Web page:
Oasis - Stop The Clocks
In retrospect, looking back on the age of Britpop and the supposed rivalries, it all seems so false. Despite the alleged, clearly defined frontiers drawn up by the inkies between Oasis fans and Blur fans, it is probable that the average music purchaser bought copies of both Country House and Roll With It on that fateful Monday morning in August 1995. The rise of Oasis though was extraordinary, an ascent the likes of which have only recently been mirrored by the Arctic Monkeys. The passing of time though does not diminish the power and sonic rush of those early tracks. The opening number on Stop the Clocks is quite rightly Rock ‘N’ Roll Star, which still has the ability to set the pulse racing – a timeless piece of rock, the sort of classic music that due to its foot in the past will never really age.
Unlike most other collections, Oasis have not gone down the normal road and compiled a singles album. There is some sense in this, especially when you consider the patchy nature of some of their more recent releases. Noel Gallagher has previously stated that a greatest hits album would only be released when the band was finished, but the end of their contract with Sony would have seen such an album released whether they liked it or not. Therefore, Gallagher took the wise decision to be personally involved in this release, making it instead a collection of singles, album tracks, and even b-sides on a couple of occasions. This has indeed resulted in a far stronger proposition, allowing the inclusion of such wonderful songs as Slide Away, Talk Tonight, and the one song even the most ardent Oasis hater would have to admit is something rather special – Acquiesce, a incendiary piece of guitar fuelled genius. Its position on the album is perfectly placed, after the passionate and heartfelt Live Forever, opening side two with arguably their best moments.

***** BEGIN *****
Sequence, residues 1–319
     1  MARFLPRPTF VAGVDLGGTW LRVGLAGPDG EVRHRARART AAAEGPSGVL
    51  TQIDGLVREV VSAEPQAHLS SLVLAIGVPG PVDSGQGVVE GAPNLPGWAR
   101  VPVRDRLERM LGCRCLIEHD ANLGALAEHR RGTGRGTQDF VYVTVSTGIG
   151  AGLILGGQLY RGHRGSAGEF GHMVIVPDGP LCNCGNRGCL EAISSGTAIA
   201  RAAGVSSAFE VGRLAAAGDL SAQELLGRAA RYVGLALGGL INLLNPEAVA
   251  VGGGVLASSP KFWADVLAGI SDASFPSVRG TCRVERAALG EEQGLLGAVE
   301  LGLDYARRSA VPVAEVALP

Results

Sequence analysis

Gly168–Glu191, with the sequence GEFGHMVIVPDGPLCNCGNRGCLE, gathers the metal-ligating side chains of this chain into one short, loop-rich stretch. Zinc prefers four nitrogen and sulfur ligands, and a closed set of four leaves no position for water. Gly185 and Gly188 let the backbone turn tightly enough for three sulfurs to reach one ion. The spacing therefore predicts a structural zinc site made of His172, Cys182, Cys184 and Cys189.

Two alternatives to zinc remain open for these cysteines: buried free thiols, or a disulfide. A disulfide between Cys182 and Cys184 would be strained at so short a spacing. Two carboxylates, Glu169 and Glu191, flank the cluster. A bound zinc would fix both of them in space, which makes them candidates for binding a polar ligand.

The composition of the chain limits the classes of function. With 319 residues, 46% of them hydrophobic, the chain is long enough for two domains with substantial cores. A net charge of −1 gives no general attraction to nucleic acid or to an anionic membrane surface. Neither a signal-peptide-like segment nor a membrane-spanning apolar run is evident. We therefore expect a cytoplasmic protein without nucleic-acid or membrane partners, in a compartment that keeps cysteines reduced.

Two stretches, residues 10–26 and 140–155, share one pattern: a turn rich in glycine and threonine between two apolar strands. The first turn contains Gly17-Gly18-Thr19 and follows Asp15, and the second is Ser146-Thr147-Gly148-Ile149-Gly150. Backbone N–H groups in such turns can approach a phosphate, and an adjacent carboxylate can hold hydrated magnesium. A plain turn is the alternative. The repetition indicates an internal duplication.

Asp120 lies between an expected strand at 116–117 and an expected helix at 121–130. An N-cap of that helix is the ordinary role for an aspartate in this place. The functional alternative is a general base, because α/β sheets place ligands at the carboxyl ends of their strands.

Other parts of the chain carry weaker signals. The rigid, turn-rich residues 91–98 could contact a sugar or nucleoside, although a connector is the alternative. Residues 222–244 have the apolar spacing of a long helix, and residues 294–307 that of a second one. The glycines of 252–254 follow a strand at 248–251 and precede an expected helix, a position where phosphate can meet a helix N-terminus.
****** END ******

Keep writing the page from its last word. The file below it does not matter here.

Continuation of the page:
There are some notable omissions, but an album of this nature with always provoke discussion. Despite its overblown production I have a soft spot for Be Here Now, particularly Stand By Me, who I think can hold its head up against its competition. Also the track Sunday Morning Call from Heathen Chemistry is an example of Noel at his best. The focus is definitely on their earlier material, with only Don’t Believe The Truth fathering two tracks for inclusion, with Heathen Chemistry and Standing On the Shoulders of Giants offering up a song each. Be Here Now, on the other hand, is dismissed entirely.
However, it is the partnership of Liam’s vocals and his brother’s song writing that remains the shining focus of this album. Liam is able to take the most banal lyric (and some of them are laughably bad, particular the couplets on Champagne Supernova) and make it shimmer like poetry. Also of note is the absence of any new material, something that is often the undoing of this kind of collection, and therefore a good thing. In a way, this album is more of a dream set list, the ultimate Oasis concert. There is nothing here for those who own the albums, as they will already have these songs. However, for those who were too young for their glory days and wish to see what all the fuss was about, there is no better place to start.